Whether the confessions of Michael A. Davis to setting the East Side house fire that killed six people Jan. 23, 2008, should have been admitted as evidence in his trial was a key issue in oral arguments in his appeal.
Spared by a jury from the death penalty, Davis is appealing to the 7th District Court of Appeals his conviction and the 310-year prison sentence he received from Judge R. Scott Krichbaum of Mahoning County Common Pleas Court.
Killed in the early morning fire on Stewart Avenue were Carol Crawford, 46; her daughter, Jennifer Crawford, 23; and Jennifer’s children, Ranaisha, 8; Jeannine, 5; Alisha, 3; and Brandon, 2. Five other people survived the blaze.
Davis’ appeals lawyer, John P. Laczko, who seeks a new trial for Davis, argued Wednesday before the three-judge panel that the confessions should have been excluded because they stemmed from the illegal arrest of Davis at his residence without a warrant or probable cause.
Laczko cited Davis’ statement in a pretrial evidentiary hearing that he believed he was under arrest when he was handcuffed at his residence.
Noting that Davis was only 18, lacked a high school diploma and had a low IQ, Laczko said the judges must look “at the totality of the circumstances” when evaluating the arrest and interrogations and whether the confessions were voluntary.
Ralph Rivera, an assistant county prosecutor, who was arguing to uphold Davis’ conviction and sentence, noted, however, that police went to the Davis residence because that was the source of the 911 call reporting the fire.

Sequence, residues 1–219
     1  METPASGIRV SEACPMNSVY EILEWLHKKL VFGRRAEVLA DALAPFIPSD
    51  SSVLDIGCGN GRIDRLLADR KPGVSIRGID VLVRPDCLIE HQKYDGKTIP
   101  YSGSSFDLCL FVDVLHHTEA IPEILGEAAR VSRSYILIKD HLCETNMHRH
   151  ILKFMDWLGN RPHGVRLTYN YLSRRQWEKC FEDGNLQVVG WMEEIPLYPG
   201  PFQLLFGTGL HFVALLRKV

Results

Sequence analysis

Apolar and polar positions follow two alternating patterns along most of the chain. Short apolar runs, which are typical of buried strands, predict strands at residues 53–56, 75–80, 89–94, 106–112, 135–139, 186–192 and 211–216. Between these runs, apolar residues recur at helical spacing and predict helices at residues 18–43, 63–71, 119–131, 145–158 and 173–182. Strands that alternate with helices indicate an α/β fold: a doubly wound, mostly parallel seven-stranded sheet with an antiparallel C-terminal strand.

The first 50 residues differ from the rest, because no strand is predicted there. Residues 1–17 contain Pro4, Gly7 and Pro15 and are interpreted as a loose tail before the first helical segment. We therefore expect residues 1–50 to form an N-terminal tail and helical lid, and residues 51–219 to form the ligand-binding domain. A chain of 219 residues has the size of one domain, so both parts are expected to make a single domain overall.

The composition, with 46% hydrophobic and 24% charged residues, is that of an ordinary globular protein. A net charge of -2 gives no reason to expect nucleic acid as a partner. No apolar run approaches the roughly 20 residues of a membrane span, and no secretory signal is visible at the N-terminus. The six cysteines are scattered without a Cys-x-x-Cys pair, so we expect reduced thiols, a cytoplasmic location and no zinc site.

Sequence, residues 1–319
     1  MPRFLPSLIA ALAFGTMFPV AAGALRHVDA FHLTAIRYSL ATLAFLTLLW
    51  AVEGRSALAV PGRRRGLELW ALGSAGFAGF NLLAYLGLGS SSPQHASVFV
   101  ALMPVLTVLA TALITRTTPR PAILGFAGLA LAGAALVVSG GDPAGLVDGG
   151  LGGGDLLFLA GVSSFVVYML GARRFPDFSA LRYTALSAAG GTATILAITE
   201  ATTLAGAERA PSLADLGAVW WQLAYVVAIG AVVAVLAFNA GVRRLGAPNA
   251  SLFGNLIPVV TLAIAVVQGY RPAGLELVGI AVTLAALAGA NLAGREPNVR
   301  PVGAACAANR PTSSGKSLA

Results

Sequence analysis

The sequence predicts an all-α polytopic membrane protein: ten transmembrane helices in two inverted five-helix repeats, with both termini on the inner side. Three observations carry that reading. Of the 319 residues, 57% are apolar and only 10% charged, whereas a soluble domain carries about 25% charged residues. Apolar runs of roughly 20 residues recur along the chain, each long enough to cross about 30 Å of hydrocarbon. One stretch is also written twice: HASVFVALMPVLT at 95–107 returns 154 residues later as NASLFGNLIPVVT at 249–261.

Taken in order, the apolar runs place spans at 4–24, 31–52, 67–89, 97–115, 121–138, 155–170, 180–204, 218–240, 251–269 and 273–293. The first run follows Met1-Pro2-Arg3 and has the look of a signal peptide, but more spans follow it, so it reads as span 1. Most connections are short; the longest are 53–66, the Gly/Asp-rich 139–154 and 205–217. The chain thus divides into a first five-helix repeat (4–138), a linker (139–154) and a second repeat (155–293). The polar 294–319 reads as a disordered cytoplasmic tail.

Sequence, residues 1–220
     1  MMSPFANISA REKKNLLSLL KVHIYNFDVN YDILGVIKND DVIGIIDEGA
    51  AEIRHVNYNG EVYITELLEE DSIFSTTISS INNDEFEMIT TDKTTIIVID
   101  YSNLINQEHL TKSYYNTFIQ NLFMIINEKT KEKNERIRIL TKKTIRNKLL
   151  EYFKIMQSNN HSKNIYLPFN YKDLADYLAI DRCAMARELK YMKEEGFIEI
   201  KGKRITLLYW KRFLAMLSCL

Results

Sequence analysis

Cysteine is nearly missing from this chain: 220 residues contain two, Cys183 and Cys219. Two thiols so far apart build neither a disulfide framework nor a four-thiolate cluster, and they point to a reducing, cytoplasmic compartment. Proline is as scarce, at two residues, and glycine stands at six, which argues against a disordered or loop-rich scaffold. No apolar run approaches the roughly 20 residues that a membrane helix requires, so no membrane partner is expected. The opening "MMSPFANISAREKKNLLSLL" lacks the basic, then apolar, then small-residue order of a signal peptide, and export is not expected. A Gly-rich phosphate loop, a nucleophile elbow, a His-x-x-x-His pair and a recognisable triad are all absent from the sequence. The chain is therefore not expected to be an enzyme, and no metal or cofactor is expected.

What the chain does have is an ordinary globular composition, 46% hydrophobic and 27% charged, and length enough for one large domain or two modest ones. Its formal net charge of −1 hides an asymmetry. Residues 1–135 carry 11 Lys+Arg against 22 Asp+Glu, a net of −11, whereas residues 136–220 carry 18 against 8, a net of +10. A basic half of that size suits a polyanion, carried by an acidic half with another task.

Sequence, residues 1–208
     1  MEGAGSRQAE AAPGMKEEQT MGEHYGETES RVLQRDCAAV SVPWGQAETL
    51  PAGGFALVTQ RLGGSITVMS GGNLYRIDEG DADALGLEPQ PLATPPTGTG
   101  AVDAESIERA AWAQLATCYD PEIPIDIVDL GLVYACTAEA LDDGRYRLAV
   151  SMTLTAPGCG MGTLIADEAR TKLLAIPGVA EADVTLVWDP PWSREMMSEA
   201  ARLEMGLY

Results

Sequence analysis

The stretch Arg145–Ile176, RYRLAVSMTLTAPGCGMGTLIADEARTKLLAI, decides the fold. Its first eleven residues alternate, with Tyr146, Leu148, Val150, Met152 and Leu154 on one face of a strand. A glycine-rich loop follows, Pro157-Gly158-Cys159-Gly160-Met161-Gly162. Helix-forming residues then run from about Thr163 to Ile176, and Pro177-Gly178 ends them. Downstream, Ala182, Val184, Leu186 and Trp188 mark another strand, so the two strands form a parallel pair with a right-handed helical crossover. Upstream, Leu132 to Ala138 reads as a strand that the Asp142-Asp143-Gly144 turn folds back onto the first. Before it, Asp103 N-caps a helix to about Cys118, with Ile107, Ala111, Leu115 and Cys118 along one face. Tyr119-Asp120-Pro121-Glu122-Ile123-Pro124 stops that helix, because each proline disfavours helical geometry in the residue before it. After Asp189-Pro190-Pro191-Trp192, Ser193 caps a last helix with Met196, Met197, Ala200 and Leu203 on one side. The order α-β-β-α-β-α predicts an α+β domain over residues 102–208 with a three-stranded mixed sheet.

Davis was handcuffed for officers’ safety while he was transported in a police car to the police station, but he was not formally arrested until after he confessed, Rivera said.
“Police officers are allowed to handcuff an individual for their safety, and it does not equate to a formal arrest,” Rivera said.
Laczko complained that Judge Krichbaum abused his discretion when he admitted testimony from a neighbor, whose house was similarly torched three weeks before the fatal blaze.
The prosecution said that testimony was relevant to establishing Davis’ identity, but Laczko noted that Davis was never charged with setting that fire and that the neighbor wasn’t even able to identify Davis in the courtroom.
Rivera said the neighbor couldn’t identify Davis because he couldn’t see well and didn’t have his glasses on when the pre-sunrise fire occurred. Even with Davis’ confessions, “There was some issue of identity,” Rivera said.
“It wasn’t at all for the purpose of identity. It was for the purpose of prejudicing the jury, which is obviously what happened,” Laczko said. “Identity, at that point in the trial, was not an issue,” he added.
Even if Judge Krichbaum erred in admitting the testimony about the earlier blaze, “It seems to me that there’s overwhelming other evidence of guilt,” said Judge Joseph J. Vukovich.
The appeals panel, which included Judges Gene Donofrio and Cheryl L. Waite, took the case under advisement and will issue a written decision at a later date.